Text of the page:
House Democratic leadership has responded to Gov. Ron DeSantis’ announcement that he will be calling a May Special Session to focus on property insurance reform, signaling their support for legislation addressing the potential crisis.
DeSantis announced Monday morning that he will be signing a proclamation to set the dates for the Special Session later this week but is still working with legislative leaders on the specific days. He said the primary focus would be property insurance reform, but that other issues could be addressed.
In a statement to Florida Politics, Democratic Leader Rep. Evan Jenne said DeSantis “has finally addressed the growing homeowner’s insurance crisis” after “months of public outcry, newspaper headlines, and Democrats raising the alarm all session long.” A poll of the Legislature supporting a property insurance special session initiated by Republican Sen. Jeff Brandes failed Monday but received support from all 42 members of the House Democratic Caucus.
Rep. Fentrice Driskell of Tampa said DeSantis’ announcement confirms that much of the 2022 session was wasted on unnecessary culture war legislation.
“We should have addressed the property insurance market crisis when we had the chance during the Regular Legislative Session,” Driskell said. “Every day the Governor failed to take action was an additional day that Floridians had to shoulder the burden of out-of-control property insurance rates while also trying to make ends meet in light of Florida’s skyrocketing cost of living. This failure rests squarely within the Governor’s hands.”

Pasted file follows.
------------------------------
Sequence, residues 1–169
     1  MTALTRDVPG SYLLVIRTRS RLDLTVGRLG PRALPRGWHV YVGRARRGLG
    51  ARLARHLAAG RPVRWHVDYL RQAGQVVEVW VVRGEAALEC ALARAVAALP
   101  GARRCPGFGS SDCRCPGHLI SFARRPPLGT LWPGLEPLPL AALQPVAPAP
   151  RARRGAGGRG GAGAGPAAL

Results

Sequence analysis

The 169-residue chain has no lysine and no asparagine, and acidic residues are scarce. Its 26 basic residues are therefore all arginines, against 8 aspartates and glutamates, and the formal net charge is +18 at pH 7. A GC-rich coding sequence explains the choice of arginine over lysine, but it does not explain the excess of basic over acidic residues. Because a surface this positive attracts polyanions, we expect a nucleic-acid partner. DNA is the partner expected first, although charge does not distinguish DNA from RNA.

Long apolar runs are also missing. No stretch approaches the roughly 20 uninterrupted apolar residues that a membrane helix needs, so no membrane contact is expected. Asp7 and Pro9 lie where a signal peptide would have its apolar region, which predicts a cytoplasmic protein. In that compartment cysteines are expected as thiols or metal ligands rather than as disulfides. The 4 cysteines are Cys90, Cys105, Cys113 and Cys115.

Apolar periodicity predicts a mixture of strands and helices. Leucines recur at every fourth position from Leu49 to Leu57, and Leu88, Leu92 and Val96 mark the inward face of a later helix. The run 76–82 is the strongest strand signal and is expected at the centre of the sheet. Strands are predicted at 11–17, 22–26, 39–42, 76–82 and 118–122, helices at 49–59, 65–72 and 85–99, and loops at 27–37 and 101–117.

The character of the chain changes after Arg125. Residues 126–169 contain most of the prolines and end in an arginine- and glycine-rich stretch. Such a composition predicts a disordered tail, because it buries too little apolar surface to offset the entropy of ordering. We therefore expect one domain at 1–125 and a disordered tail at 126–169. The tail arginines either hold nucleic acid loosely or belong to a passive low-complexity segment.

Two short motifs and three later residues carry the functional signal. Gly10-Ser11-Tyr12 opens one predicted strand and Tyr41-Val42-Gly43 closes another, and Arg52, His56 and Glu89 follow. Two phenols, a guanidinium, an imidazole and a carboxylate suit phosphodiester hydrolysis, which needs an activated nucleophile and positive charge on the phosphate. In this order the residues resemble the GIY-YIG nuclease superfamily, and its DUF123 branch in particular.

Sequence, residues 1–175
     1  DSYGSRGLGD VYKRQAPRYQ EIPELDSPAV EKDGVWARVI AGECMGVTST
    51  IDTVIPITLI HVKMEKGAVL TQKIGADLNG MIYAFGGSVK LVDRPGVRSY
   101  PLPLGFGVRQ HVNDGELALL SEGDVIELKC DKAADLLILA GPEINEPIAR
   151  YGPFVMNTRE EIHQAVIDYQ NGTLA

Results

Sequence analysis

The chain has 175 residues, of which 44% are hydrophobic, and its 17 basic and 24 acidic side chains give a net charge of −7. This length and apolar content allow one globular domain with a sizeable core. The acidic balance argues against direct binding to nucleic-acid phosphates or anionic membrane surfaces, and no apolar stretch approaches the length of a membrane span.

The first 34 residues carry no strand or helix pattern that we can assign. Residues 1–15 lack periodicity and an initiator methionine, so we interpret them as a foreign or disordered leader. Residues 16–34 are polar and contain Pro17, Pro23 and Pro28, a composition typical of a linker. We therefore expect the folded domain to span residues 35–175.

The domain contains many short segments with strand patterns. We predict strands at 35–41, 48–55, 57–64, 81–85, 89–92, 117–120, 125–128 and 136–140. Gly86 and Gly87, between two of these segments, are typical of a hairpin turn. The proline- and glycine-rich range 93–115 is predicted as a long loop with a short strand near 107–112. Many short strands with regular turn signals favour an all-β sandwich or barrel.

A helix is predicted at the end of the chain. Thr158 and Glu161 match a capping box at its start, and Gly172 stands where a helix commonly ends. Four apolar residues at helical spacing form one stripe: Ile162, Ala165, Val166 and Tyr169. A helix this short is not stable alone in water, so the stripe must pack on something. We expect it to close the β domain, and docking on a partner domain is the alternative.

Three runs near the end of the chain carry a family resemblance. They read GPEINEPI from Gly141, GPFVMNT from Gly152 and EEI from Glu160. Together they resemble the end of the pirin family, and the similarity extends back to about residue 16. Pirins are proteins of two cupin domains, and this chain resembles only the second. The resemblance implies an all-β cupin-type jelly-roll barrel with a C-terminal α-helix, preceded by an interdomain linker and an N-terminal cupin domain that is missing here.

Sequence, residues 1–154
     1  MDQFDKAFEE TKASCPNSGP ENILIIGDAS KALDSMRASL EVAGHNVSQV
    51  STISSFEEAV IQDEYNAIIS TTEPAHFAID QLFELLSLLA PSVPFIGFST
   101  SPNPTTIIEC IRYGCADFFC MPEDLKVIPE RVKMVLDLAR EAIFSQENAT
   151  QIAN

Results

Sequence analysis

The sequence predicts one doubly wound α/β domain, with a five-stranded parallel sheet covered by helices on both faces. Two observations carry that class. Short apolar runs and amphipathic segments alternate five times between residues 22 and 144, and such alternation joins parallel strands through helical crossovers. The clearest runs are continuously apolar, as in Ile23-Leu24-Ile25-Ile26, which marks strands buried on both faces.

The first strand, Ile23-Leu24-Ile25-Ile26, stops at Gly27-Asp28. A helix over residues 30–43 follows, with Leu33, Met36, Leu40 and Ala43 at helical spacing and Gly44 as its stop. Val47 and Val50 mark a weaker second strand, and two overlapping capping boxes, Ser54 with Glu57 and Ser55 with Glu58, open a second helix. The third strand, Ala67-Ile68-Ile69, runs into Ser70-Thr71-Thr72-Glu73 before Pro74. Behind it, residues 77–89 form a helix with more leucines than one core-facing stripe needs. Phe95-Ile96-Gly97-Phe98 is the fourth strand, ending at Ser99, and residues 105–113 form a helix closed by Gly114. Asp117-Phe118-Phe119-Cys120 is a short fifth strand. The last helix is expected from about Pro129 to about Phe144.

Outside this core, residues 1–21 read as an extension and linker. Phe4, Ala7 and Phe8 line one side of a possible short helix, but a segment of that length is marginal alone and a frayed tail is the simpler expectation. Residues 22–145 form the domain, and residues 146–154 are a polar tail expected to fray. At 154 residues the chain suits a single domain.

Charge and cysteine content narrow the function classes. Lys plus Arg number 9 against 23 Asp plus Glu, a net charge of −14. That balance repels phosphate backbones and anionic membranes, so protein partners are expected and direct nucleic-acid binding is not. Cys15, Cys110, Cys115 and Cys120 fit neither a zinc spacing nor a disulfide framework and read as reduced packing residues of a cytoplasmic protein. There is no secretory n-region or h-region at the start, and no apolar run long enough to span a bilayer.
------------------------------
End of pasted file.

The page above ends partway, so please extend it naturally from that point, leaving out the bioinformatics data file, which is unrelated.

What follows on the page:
Rep. Dan Daley of Coral Springs blasted the majority of Republicans for not supporting Brandes’ call for a Special Session.
“It is disheartening, yet unsurprising, that Florida Republicans again chose to turn their backs on Floridians by voting against a property insurance Special Session,” Daley said.
However, Jenne gave credit to the Republican House members who backed the poll, (Elizabeth Fetterhoff, Blaise Ingoglia, Sam Killebrew, Anthony Sabatini) and added he hopes more from the majority come to the table during the May Special Session to deal with the crisis.
“It’s a shame we didn’t get more support from the majority because a full collapse of the market would be catastrophic for our economy,” Jenne said. “This crisis isn’t partisan, and we all have to work together to find a way to protect Floridian’s pocketbooks and their homes.”
Jenne said Democrats will have to wait and see what solutions are brought to the table.
“A solution can’t be something that raises rates or weakens protection for Floridians’ homes,” he said.